One seems to get lessons in nationalism in the unlikeliest of places. Classrooms being the first spaces where the ideal of nationhood and patriotism are drilled into our heads each day through repetition and rote. If you live in Maharashtra, even an evening out at the movies isn’t bereft of a sufficient dose of the nationalist mantra, proclaimed openly in the form of a singing of the national anthem before the film’s screening.
As with most other things, the city street carries its own codes and messages of political ideas, which are exchanged over cups of hot tea, at bus stops or as I noticed last week, on the road, while waiting in an auto for the light to turn green.
In the auto right next to mine, a woman was engaged in a rather loud and passionate discussion with her auto driver about politics and all around a 10 metre radius, everyone stuck in the jam was keenly listening in to what the two were saying, or rather shouting at each other. As my auto pulled slightly closer in, I became privy to, by far, the most vehement defence of nationalism I have ever heard.
“In Congressiyon ne loot loot ke desh ko khokhla kar diya hai! Kuch nahi hai humaare paas. Na paisa aur na hathiyaar,” the woman said to the driver. When he tried to argue against this, saying that India was at par with China and Pakistan in both departments, she went on to bark out this gem, “Tumhe kya lagta hai, Pakistan hamaara dost hai? Jung hui toh woh hum pe bomb pe bomb giraate rahenge aur hum bas baithe reh jaayenge!”
As entertaining as this discussion was for me and everyone else around, it also made me wonder what it was about nationalism that inspires such vehement defence of it. The fact that a ruling party, one most thoroughly associated with Indian nationalism and Independence didn’t think twice before consistently robbing the country while it was in power should have unmasked the hollowness of said nationalism. Instead, we find that a national political crisis has given birth to a kind of popular ultra-nationalism that despises dialogue and discussion and expects uniform and universal bhakti for Bharat Mata.
How does one explain this fervent commitment to a concept as imaginary as nationalism? Two things emerge from what the woman said. One, as Benedict Anderson put it, “a fear and loathing of the other” and second, a “profoundly self sacrificing love” for the nation. It is amusing that the woman here seemed so confident about her ‘knowledge’ on India’s monetary status and weapons stock. But even in her total faith in the right wing agenda of ‘saving’ the nation from moral and financial bankruptcy, there is a sense of ‘naturalness’ to the idea of India. It is but natural that India must defend itself from Pakistan. Equally natural, as Preity Zinta demonstrated, that each person stand in respect for the national anthem.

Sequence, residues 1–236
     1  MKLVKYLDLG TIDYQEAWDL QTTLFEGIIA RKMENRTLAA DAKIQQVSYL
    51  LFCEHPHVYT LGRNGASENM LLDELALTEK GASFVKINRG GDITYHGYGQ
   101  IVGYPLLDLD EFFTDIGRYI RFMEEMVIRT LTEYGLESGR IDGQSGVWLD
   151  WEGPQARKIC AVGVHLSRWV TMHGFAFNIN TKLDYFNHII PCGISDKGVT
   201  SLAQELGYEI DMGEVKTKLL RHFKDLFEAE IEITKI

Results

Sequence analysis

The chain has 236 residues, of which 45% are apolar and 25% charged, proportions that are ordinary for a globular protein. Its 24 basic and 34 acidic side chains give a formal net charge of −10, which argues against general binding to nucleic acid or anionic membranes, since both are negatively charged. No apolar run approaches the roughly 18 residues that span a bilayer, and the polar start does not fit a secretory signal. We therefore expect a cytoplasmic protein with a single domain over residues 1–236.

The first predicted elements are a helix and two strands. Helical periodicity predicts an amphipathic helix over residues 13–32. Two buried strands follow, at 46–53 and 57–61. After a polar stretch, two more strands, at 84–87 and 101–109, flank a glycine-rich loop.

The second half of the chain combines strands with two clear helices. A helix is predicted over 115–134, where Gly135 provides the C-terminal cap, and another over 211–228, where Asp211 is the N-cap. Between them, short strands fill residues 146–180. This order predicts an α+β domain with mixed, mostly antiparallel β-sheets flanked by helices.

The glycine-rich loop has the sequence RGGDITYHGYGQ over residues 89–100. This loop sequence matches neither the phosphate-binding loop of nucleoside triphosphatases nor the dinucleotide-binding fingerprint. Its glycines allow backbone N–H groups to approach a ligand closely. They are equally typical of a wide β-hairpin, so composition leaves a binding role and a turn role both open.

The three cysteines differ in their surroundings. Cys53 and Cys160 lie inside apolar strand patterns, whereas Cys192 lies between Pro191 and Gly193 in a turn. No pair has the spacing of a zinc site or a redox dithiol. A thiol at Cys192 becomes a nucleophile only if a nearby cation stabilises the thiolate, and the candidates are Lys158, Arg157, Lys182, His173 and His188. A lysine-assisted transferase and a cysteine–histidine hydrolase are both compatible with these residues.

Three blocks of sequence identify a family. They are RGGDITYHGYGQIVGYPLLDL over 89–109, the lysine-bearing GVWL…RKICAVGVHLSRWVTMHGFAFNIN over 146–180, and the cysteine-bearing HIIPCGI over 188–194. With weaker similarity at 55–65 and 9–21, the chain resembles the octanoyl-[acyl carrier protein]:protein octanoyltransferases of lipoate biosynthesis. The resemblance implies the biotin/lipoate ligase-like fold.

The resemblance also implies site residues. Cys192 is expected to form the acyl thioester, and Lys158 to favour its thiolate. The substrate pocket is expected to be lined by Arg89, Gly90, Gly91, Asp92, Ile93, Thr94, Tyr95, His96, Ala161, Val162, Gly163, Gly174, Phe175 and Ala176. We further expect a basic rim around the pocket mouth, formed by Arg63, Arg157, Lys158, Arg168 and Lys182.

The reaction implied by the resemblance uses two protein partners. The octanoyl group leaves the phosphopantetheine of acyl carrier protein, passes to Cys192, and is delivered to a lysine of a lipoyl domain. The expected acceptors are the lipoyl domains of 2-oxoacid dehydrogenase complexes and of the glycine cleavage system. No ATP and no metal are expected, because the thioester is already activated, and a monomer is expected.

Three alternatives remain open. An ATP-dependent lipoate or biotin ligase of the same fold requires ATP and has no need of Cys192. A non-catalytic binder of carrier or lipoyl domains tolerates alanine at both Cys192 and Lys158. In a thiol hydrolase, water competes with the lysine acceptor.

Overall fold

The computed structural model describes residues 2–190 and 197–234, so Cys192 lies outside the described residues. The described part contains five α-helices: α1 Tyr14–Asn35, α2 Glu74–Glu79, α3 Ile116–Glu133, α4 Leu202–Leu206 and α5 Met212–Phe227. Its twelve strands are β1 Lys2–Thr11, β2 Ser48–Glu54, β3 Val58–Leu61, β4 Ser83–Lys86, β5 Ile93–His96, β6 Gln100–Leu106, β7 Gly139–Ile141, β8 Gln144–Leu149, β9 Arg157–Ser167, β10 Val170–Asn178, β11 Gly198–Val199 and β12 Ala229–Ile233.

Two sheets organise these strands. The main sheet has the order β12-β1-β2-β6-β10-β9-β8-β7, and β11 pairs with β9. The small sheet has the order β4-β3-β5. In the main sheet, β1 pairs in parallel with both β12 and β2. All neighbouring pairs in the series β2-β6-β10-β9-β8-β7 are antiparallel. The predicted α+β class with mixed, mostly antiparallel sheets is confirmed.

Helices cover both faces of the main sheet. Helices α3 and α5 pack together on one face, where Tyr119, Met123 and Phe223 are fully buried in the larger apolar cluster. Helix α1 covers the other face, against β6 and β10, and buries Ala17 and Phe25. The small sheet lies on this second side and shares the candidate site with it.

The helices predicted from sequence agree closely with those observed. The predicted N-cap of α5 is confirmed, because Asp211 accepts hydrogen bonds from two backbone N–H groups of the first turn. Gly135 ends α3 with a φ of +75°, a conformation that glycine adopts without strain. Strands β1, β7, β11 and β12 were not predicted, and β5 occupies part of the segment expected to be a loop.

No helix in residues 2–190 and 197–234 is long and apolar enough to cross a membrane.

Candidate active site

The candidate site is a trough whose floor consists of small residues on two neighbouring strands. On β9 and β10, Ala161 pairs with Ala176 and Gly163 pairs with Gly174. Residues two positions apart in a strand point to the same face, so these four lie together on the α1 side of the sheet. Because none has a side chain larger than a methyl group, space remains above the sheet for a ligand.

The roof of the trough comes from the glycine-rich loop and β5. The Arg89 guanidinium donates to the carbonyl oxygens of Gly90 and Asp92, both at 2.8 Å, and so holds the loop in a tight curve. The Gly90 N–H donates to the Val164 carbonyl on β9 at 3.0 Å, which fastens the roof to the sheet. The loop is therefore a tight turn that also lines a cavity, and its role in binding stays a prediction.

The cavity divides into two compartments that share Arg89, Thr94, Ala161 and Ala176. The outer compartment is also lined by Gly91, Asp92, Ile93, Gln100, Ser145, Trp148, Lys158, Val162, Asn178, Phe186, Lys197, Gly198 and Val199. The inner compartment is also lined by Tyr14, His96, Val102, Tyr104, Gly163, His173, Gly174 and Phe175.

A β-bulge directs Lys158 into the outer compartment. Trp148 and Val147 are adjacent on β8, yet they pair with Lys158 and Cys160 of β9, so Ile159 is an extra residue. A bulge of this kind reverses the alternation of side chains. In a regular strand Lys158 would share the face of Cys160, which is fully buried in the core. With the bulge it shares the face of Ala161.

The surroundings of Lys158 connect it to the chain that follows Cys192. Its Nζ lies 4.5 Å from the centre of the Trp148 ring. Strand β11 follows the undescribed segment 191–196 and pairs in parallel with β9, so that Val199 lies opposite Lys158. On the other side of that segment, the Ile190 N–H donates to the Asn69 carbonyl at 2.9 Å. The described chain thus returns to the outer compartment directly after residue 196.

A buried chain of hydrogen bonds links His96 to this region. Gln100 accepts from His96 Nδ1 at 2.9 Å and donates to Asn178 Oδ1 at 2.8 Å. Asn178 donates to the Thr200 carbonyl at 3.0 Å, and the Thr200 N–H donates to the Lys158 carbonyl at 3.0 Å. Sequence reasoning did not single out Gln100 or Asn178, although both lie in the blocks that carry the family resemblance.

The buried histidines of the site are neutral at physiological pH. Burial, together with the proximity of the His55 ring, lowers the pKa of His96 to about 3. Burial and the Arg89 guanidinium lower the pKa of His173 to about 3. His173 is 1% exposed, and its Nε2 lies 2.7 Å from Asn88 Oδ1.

But in fact, there is nothing natural about nationalism. A concept as invented and imagined as unicorns, it is eventually a construct, a collective daydream that we invest so much in so as to sustain the illusion of belonging and togetherness. Of course, India’s specific experience of colonialism and an independence struggle that fashioned India as one and sharing a common history makes it particularly interesting to see how the idea of nationalism, one that clearly did not emerge ‘naturally’ takes shape today. While there are those who will insist on nationhood, patriotism and that absurd catchphrase used so often in NCERT textbooks- ‘unity in diversity’- there are also signs that all is (and has never been) not well in the nationalism dream. The language debates and anti Hindi agitations in post Independence Tamil Nadu are one such example. MSS Pandian argues that “within the framework of nationalistic narratives this “linguistic insubordination” of Tamil Nadu gets written as ‘chauvinistic’, ‘fissiparous’, and ‘divisive’.”
These words are repeated every time someone or a group tries to imagine change outside the nationalistic framework. A convenient tool for mass mobilization, it is not surprising then that no political party in North India has been able to define itself independent of a patriotic agenda. The Aam Aadmi Party for instance, routinely points out that “desh ko bachaana hai” and urges people to make change, not for any other reason other than to reclaim the nation in all its glory, just as its forefathers had imagined.
The question then remains, is there space within this ‘great nation of ours’ for those who don’t stand up when the national anthem plays in movie halls? Or those who reject parliamentary democracy completely? Or those who resist Indian nationalism and the brutality it brings with it in several states?
The article was first published on Newsyaps inOctober 2014. The website has since shut down.